Publication Date

April 2018


Suzanne O'Connell


Earth & Environmental Sciences


English (United States)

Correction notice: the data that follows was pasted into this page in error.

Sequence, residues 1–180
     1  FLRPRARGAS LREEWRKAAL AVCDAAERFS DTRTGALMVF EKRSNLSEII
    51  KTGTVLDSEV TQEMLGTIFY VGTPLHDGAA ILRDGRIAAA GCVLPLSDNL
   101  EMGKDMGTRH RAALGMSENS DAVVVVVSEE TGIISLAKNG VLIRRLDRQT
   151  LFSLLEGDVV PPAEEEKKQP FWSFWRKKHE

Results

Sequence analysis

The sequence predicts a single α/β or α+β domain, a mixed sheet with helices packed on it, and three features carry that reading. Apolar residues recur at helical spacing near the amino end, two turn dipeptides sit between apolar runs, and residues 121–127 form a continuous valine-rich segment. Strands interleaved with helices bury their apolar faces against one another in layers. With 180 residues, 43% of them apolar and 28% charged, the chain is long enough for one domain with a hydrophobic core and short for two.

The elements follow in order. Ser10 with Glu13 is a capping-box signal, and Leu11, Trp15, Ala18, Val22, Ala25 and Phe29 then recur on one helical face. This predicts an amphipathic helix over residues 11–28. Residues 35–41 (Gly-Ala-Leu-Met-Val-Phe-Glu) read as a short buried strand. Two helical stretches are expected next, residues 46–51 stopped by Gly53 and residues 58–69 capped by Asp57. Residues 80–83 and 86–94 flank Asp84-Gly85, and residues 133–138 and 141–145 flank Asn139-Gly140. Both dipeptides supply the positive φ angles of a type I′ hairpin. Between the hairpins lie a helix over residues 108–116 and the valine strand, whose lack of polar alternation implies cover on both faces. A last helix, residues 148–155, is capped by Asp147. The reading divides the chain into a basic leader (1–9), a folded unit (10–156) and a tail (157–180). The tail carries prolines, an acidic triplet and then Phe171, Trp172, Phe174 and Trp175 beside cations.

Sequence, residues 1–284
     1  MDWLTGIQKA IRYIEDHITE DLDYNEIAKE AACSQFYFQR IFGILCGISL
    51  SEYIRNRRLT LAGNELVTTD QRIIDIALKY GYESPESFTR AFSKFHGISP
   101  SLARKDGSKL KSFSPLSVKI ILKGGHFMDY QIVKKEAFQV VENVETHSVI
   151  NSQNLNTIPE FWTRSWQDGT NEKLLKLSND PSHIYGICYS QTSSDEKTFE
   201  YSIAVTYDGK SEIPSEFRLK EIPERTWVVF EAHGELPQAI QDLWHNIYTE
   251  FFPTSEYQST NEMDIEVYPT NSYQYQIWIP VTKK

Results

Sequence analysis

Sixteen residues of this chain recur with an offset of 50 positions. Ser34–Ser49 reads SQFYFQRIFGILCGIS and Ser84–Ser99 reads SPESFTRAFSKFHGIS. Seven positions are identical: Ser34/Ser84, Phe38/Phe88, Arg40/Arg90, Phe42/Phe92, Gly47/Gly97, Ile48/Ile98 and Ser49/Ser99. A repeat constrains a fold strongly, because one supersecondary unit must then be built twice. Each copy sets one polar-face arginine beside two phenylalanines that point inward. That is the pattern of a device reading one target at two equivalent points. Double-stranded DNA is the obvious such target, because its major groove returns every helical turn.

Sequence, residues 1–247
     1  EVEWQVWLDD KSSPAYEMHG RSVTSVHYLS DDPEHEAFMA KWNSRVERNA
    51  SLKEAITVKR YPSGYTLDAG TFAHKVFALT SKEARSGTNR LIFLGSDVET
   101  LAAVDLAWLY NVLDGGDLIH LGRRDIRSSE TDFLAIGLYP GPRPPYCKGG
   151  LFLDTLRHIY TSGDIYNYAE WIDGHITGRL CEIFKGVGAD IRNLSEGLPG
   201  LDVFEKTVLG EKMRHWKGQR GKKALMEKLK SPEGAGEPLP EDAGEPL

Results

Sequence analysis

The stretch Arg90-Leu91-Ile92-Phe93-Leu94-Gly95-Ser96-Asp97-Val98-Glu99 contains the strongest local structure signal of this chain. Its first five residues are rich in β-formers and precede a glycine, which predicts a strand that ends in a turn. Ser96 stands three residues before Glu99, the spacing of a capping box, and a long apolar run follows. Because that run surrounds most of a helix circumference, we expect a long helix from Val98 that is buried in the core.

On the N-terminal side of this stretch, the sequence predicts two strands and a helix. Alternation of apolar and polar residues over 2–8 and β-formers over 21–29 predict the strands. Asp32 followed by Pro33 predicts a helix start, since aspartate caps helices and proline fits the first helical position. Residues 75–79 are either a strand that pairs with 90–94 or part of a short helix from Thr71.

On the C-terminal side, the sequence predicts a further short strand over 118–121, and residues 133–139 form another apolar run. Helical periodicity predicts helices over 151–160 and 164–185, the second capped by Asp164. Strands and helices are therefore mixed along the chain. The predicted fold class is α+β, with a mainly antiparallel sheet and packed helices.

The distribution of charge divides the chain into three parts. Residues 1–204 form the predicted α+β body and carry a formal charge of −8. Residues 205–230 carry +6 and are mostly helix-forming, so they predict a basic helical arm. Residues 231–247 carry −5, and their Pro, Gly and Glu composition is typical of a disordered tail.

Creating an accurate age model for Antarctic sediment is difficult due to a general lack of preserved carbonate. Core 693A-2R, from the Ocean Discovery Program (ODP) Leg 113, is an exception. Cored in 2560 m of water, this 9.5 m long core contains abundant foraminifera. Site 693 is located adjacent to Dronning Maud Land in the Southeast Weddell Sea on an upper slope bench near Wegener Canyon. Based on the shipboard timescale, it appears that Core 2R ranges from 0.25 to 0.95 Ma, placing it across the Brunhes-Matuyama reversal. Here we use the planktonic foraminifera species N. pachyderma (sinistral), to create a downcore stable oxygen isotope record for Core 2R. The downcore variation in ice rafted detritus (IRD) was also calculated to help determine ice flow during the Pleistocene. Lastly, from the IRD, hornblendes and biotite were picked for 40Ar/39Ar analysis in order to determine IRD provenance at Site 693 during the Pleistocene. High IRD during glacial periods is witnessed at Site 693 which is characteristic of the North Atlantic, but not the Southern Ocean. IRD provenance at Site 693 suggests little or no icebergs from the immediate Grunehoga Craton, which is the dominant source today. This difference indicates that the calving and travel of icebergs was likely different in the past. Lastly, our planktonic d18O curve appears to work well for determining temperature changes in the Weddell Sea during the Pleistocene, but not on a global scale. Looking at the results together, Core 2R points to a very dynamic East Antarctic ice sheet during the Pleistocene.



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